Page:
3. Don’t let mirages cloud your head: When your business goes viral certain mirages start to become created in your head. Maybe it’s a mirage of your retirement in Hawaii due to the millions of dollars in sales that are coming in. Perhaps it’s the mirage of you maybe one day getting the chance to meet Justin Bieber because he just endorsed your product. Either way these mirages need to be deleted from your head because they’re not happening unless your team continues to stay focused and execute where it needs to be executing. Too many times with my company PhunkeeDuck I personally saw, witnessed, and experienced these mirages that ultimately never came true and as a result they mentally clouded both mine and my team’s heads and impaired our ability to execute.

4. Meditate: If you have a startup and you don’t already meditate each day I would strongly suggest you begin doing so. Meditating for 10 minutes in the morning each day can help you clear your mind. By clearing your mind before the start of your business day it allows you to stay mentally clear throughout the course of it. During my time at PhunkeeDuck I believe I was able to recognize some of the red flags we experienced because I meditated on these problems each day. I recognized many of the problems our business and Hoverboards as a whole were experiencing during these meditations, and it allowed me to remove myself from the business earlier rather than later. Although at times I experienced certain mirages I think one of the ways I was able to see clearly through some of these mirages was because of meditating. I personally would suggest mobile app’s like HeadSpace and Calm for beginners who don’t know where to begin, or simply going on Youtube and trying out a couple 10 minute guided meditations.

Keeping Up With Kendall Jenner: AKA Tips For Working With Influencers

Kendall Jenner's First Video Riding A Hoverboard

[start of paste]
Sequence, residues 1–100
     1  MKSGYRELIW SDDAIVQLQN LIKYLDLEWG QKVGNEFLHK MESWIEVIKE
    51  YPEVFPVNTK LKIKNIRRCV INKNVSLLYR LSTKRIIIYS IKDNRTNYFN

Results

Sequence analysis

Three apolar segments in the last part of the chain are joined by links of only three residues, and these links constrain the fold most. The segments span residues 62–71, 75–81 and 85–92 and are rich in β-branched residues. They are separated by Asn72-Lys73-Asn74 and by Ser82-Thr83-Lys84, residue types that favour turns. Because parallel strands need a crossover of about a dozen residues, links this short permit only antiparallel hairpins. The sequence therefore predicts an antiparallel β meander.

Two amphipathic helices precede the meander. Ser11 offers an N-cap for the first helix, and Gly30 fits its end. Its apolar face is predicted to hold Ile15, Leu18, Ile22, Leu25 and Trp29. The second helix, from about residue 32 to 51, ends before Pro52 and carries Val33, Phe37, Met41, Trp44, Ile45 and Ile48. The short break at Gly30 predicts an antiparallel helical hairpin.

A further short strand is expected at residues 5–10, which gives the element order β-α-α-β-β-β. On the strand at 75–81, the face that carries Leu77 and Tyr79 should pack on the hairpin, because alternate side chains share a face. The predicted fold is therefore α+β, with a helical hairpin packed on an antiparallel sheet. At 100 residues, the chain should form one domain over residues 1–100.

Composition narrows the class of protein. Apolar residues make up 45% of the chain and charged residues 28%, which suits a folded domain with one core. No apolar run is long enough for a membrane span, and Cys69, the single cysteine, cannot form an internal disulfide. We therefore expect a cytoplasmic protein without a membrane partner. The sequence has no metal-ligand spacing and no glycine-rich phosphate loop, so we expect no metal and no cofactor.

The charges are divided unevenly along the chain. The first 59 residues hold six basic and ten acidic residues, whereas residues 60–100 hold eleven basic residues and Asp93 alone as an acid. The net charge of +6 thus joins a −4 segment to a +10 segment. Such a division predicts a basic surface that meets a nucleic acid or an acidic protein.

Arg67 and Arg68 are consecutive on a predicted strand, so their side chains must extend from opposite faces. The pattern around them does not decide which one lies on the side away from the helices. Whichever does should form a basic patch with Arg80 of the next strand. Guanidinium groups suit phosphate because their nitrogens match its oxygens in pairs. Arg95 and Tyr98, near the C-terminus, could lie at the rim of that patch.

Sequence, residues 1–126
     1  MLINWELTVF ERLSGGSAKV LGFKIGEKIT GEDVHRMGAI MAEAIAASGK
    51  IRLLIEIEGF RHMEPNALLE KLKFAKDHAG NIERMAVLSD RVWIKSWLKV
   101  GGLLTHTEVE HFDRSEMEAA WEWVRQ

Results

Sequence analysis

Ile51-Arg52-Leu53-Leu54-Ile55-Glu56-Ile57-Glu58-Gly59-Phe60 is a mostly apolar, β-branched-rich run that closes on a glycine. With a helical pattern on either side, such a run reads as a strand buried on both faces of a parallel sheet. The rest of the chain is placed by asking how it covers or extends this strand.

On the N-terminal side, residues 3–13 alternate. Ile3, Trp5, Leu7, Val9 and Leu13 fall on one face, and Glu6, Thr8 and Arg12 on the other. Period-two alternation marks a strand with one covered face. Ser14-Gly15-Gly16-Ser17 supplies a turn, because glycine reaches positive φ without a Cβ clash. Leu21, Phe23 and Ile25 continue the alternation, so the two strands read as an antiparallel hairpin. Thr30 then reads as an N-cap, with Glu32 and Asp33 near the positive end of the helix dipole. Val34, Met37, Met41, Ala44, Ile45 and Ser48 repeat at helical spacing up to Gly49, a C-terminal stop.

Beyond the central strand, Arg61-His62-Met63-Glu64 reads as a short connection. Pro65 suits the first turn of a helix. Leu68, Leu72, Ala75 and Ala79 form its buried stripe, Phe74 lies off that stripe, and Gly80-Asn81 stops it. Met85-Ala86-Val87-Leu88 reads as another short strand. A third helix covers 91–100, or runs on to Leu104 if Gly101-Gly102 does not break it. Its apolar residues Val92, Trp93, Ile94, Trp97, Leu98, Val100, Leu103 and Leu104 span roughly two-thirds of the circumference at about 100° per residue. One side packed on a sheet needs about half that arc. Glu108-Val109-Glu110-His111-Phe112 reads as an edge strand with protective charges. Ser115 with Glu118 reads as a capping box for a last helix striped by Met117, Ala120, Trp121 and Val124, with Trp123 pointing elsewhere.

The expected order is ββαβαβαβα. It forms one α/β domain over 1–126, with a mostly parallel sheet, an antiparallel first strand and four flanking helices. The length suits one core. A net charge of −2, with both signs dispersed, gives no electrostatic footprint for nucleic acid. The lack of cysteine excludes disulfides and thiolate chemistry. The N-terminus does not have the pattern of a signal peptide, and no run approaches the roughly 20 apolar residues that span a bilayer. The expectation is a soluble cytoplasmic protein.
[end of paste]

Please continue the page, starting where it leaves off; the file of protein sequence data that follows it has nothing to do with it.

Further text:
Kendall Jenner's First Video Riding A Hoverboard

Launching products is fun but creating a movement, as I learned, is an exhilarating and invaluable experience. In 2015 I played a prominent role in introducing the world to the hoverboard giving me the opportunity to work alongside a range of celebrities, athletes, and musicians. I also had the chance to work with an emerging breed of social media influencers who are easily just as effective at producing results for companies. In fact it was predominantly a result of these different influencer promotional campaigns why our company and our Hoverboard became the number one selling holiday gift of 2015.

Influencer marketing has become a hot button topic in the world of how to conduct viral marketing campaigns. Not only does everyone want to work with influencers but the market has become flooded with people trying to become their own influencer in the space or craft they specialize in. Considering how crowded the the influencer landscape has gotten can make things quite confusing to navigate.

In my experience working with celebrities & influencers there were plenty of lessons to be learned. Below I’ll share a few tips on how your company can work with influencers effectively and gain some traction with their help.